AbstractOutput from idealized simulations of a squall line are compared with in situ aircraft-based observations from the Deep Convective Clouds and Chemistry campaign. Relative humidity distributions around convection are compared between 1-Hz aircraft observations (≈250-m horizontal scale) and simulations using a double-moment bulk microphysics scheme at three horizontal grid spacings: Δx = 0.25, 1, and 4 km. The comparisons focus on the horizontal extent of ice supersaturated regions (ISSRs), the maximum and average relative humidity with respect to ice (RHi) in ISSRs, and the ice microphysical properties during cirrus cloud evolution, with simulations at 0.25 and 1 km providing better results than the 4-km simulation. Within the ISSRs, all the simulations represent the dominant contributions of water vapor horizontal heterogeneities to ISSR formation on average, but with larger variabilities in such contributions than the observations. The best results are produced by a Δx = 0.25-km simulation with the RHi threshold for initiating ice nucleation increased to 130%, which improves almost all the ISSR characteristics and allows for larger magnitude and frequency of ice supersaturation (ISS) > 8%. This simulation also allows more occurrences of clear-sky ISSRs and a higher spatial fraction of ISS for in-cloud conditions, which are consistent with the observations. These improvements are not reproduced by modifying other ice microphysical processes, such as a factor-of-2 reduction in the ice nuclei concentration; a factor-of-10 reduction in the vapor deposition rate; turning off heterogeneous contact and immersion freezing; or turning off homogeneous freezing of liquid water.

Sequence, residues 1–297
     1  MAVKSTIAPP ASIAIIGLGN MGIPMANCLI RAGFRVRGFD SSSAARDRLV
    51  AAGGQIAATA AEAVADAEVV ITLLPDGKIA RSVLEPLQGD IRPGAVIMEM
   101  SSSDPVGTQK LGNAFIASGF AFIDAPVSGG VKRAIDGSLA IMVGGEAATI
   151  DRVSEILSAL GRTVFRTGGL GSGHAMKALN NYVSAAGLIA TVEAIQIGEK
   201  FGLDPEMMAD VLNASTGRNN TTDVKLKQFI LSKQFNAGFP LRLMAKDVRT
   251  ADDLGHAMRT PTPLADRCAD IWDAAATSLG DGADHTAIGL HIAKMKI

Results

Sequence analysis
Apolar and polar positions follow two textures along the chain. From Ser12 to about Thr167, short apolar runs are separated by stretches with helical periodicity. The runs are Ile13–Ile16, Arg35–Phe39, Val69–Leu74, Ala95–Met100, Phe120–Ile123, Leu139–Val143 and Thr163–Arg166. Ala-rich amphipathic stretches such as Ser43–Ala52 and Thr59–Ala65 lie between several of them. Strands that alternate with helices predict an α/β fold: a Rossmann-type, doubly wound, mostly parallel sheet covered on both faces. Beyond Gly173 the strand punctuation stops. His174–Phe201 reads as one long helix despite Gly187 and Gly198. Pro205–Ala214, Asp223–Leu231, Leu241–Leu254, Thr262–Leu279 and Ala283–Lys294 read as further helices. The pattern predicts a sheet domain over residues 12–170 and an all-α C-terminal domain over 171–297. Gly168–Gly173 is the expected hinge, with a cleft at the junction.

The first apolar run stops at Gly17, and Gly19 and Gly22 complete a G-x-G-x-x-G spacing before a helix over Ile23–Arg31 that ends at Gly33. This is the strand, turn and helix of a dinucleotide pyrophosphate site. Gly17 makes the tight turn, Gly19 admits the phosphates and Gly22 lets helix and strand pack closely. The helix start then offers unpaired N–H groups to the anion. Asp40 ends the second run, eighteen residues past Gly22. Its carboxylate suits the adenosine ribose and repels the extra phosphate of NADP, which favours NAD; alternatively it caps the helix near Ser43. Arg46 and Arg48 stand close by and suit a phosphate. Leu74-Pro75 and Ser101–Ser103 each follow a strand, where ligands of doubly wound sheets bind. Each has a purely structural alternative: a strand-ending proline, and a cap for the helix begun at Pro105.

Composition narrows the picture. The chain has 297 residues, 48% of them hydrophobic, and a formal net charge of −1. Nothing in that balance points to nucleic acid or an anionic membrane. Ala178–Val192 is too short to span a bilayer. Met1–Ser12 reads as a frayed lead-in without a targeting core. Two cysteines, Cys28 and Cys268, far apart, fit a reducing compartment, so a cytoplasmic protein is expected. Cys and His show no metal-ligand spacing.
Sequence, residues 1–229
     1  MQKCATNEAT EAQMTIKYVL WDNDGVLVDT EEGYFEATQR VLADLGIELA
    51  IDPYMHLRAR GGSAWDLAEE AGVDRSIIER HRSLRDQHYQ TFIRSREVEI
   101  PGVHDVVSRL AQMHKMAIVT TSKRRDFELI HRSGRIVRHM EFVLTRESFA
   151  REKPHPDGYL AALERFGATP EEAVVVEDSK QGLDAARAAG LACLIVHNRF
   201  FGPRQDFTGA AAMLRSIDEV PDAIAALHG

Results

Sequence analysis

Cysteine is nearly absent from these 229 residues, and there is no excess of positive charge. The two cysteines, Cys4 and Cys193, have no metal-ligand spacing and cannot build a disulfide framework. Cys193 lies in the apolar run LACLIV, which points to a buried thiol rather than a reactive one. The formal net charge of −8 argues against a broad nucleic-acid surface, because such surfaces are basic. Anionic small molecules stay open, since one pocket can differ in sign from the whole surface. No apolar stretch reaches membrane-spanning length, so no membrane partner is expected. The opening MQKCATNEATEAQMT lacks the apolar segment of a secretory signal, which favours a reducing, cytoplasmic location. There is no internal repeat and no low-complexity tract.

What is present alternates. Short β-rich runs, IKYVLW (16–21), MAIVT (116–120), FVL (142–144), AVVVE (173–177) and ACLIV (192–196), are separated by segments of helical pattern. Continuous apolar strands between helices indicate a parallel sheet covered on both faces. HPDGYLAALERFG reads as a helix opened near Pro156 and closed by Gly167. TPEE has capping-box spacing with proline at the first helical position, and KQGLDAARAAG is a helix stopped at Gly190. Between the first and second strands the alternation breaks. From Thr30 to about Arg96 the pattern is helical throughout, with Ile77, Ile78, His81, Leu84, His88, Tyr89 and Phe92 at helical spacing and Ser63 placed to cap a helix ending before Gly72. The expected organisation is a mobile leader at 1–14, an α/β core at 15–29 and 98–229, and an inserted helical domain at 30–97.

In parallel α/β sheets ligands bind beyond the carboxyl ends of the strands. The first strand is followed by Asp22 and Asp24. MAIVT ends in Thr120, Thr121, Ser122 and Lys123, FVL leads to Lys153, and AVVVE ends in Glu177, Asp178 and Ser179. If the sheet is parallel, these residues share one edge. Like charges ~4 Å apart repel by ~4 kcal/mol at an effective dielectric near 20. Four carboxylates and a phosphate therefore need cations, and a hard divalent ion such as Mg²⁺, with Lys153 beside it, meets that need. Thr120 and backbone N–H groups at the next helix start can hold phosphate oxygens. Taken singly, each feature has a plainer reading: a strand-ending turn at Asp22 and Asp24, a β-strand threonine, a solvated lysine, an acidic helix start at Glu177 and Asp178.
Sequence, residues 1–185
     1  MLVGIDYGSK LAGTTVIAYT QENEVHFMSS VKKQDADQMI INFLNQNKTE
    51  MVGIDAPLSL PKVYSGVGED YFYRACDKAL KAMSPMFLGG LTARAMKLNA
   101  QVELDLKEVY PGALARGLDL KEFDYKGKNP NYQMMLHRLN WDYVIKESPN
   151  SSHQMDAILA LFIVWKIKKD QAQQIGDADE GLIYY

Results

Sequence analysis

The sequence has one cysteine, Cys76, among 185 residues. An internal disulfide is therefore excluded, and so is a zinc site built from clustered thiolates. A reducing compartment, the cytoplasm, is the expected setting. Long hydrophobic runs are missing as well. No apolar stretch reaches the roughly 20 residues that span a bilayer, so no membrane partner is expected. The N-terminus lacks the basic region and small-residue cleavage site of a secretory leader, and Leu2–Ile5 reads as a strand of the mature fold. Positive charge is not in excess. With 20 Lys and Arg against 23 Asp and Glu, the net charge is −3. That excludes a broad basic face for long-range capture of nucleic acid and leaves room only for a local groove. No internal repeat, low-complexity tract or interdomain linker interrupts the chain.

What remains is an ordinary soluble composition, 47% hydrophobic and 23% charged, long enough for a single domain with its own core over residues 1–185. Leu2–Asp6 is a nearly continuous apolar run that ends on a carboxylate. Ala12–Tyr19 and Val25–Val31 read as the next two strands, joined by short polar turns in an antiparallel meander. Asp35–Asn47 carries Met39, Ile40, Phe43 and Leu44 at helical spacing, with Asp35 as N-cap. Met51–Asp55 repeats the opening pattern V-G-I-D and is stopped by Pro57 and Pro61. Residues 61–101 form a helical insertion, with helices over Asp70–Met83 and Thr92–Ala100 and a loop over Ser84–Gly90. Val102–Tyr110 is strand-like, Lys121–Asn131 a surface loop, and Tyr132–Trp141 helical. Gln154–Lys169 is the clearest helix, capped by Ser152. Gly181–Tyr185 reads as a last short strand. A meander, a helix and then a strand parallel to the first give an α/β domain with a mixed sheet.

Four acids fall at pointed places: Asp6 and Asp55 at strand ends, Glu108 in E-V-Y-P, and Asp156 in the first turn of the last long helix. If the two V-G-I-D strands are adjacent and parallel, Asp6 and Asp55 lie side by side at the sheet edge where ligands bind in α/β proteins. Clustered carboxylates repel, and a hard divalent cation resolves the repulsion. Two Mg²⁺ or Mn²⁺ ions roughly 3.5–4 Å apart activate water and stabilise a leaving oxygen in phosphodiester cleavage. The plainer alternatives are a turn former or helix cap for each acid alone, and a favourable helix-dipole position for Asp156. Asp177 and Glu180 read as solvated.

Journal of the Atmospheric Sciences – American Meteorological Society
Published: Sep 8, 2017
It’s your single place to instantly
discover and read the research
that matters to you.
Enjoy affordable access to
over 18 million articles from more than
15,000 peer-reviewed journals.
All for just $49/month
Query the DeepDyve database, plus search all of PubMed and Google Scholar seamlessly
Save any article or search result from DeepDyve, PubMed, and Google Scholar... all in one place.
Get unlimited, online access to over 18 million full-text articles from more than 15,000 scientific journals.
Read from thousands of the leading scholarly journals from SpringerNature, Elsevier, Wiley-Blackwell, Oxford University Press and more.
All the latest content is available, no embargo periods.
“Hi guys, I cannot tell you how much I love this resource. Incredible. I really believe you've hit the nail on the head with this site in regards to solving the research-purchase issue.”Daniel C.
“Whoa! It’s like Spotify but for academic articles.”@Phil_Robichaud
“I must say, @deepdyve is a fabulous solution to the independent researcher's problem of #access to #information.”@deepthiw
“My last article couldn't be possible without the platform @deepdyve that makes journal papers cheaper.”@JoseServera